A recent home remodel project in rural Illinois would have made for a great episode on HGTV.
The house was a wreck. It hadn’t been occupied for years. The house had been raided and anything of value had been taken -- except for what just might have been the most valuable thing in the house. The vandals never touched the sheets of printed music strewn across the floor.
“As you can imagine they were in a hurry,” says violinist and University of Arkansas professor Er-Gene Kahng, who became a lucky recipient of that sheet music. “Took the piano, possibly other things of value, but not sheets of paper.”
That sheet music scattered across the floor of what we now know was once a composer’s home were two lost violin concertos by Florence Price -- our nation’s first major female African American composer.
If you’ve never heard of Florence Price, you’re not alone. Being a black woman composing in the early 20th century almost assured her music would be overlooked.
Price was born in Little Rock in 1887 to a biracial couple and grew up in a musically rich home. At 14, she enrolled in Boston’s New England Conservatory of Music, where she graduated with honors.
Price’s big break came in 1932 when she entered a composition into a competition. Price won, and the Chicago Symphony ultimately performed her winning entry, Symphony No. 1.
The Chicago Symphony went on to perform another of her pieces: Concerto in One Movement, with Price as the piano soloist.
But then, Price’s career stalled. After those big debuts, she wrote to one of the great champions of contemporary composers in that era, conductor Serge Koussevitzky. Er-Gene Kahng says Price acknowledged her “two handicaps” -- her race and gender -- in the letter but asked the conductor to review her music. Koussevitzky never wrote back.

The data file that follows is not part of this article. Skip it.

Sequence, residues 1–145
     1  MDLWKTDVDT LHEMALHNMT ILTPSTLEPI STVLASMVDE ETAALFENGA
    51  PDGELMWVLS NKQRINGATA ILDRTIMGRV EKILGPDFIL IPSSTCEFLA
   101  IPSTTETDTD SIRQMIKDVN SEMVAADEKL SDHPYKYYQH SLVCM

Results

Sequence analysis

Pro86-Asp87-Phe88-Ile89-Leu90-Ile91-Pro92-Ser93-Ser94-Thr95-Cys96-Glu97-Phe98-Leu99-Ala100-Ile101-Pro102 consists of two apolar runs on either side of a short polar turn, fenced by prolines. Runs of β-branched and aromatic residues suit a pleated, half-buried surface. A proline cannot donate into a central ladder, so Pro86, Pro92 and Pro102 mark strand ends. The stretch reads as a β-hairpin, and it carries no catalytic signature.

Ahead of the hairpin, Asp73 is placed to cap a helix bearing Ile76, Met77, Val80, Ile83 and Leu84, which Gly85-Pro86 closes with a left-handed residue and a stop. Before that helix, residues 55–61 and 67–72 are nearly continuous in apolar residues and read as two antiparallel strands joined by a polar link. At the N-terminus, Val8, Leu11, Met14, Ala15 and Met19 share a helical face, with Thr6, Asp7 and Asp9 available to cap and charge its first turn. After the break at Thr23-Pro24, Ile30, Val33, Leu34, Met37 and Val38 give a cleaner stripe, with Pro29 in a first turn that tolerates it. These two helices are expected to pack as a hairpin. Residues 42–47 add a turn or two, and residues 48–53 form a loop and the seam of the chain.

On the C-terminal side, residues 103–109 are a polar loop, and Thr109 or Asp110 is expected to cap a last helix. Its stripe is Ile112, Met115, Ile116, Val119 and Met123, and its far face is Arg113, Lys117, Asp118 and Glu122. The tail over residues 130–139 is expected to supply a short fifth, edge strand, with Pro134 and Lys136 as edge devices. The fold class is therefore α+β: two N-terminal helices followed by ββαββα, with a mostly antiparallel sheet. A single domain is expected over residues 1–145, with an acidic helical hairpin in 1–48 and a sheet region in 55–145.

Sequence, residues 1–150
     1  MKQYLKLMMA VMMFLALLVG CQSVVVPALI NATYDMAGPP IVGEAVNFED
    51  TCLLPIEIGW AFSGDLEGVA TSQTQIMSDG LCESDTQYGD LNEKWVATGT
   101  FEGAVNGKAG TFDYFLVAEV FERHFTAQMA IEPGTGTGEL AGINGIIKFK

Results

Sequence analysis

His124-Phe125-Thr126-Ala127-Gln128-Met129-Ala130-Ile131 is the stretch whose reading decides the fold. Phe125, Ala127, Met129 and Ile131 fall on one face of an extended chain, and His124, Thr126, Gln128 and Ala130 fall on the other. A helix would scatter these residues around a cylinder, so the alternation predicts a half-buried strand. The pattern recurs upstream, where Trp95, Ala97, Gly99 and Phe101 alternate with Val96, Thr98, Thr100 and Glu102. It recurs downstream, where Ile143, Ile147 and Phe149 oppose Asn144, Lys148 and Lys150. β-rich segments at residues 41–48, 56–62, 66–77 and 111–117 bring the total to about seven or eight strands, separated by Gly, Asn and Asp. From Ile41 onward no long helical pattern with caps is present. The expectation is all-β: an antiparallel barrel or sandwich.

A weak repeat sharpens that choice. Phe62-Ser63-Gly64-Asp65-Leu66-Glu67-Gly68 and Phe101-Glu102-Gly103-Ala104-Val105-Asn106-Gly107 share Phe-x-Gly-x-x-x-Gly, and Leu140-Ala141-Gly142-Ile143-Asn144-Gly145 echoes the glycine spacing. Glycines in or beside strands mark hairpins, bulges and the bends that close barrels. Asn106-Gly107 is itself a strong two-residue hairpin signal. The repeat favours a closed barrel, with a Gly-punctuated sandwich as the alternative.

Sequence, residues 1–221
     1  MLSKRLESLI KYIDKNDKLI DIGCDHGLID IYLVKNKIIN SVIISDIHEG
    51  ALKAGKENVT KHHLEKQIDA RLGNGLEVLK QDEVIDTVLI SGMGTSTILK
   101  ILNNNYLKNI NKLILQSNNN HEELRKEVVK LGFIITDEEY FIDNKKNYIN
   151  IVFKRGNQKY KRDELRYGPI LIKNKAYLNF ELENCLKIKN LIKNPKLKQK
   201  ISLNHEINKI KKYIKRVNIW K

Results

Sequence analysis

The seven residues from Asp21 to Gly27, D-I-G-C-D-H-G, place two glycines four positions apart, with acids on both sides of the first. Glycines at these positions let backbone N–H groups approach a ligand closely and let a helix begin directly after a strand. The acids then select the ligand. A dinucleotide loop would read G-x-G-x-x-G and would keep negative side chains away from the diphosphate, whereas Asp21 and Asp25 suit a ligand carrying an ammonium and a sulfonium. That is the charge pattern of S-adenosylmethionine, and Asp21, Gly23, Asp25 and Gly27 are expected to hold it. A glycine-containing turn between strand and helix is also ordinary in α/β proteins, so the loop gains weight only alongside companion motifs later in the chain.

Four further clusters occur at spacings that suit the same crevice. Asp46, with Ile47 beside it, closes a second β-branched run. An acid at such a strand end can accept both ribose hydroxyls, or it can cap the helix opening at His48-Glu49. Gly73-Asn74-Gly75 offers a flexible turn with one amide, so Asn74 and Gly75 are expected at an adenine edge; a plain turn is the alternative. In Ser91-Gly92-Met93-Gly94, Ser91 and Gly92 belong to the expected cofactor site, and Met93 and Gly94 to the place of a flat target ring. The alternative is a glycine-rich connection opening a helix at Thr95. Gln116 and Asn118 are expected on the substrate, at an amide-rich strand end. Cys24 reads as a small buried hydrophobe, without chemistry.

Price kept writing music despite the discrimination she encountered. She composed some music under the male pen name Forrest Wood.
But Price didn’t have to use a pen name was when she wrote songs for her friend, the great contralto Marian Anderson. Anderson sang Price’s song “My Soul’s Been Anchored By The Lord” at her famous Lincoln Memorial Concert on Easter Sunday 1939, when she performed in front of 75,000 people.
But thanks to the sheet music discovered in that old house in Illinois, the world is about to hear much more of Price’s music. Kahng recently recorded the violin concertos found among that sheet music. They represent two of an estimated 300 to 400 newly discovered Price compositions, now housed at the University of Arkansas.
Kahng says it’s an exciting time for Price’s admirers. The violinist hopes the violin concertos and Price's other compositions ultimately become a part of mainstream classical music -- played alongside composers like Brahms and Beethoven.
“We’ve now entered the euphoria of discovery,” Kahng said. “But now perhaps it’s time to saturate the conversation. Saturate the system and talk about her even more.”
If these discoveries and conversations continue, that sheet music recovered from the floor of that dilapidated house will have even more to reveal about an extraordinary, yet overlooked, American composer.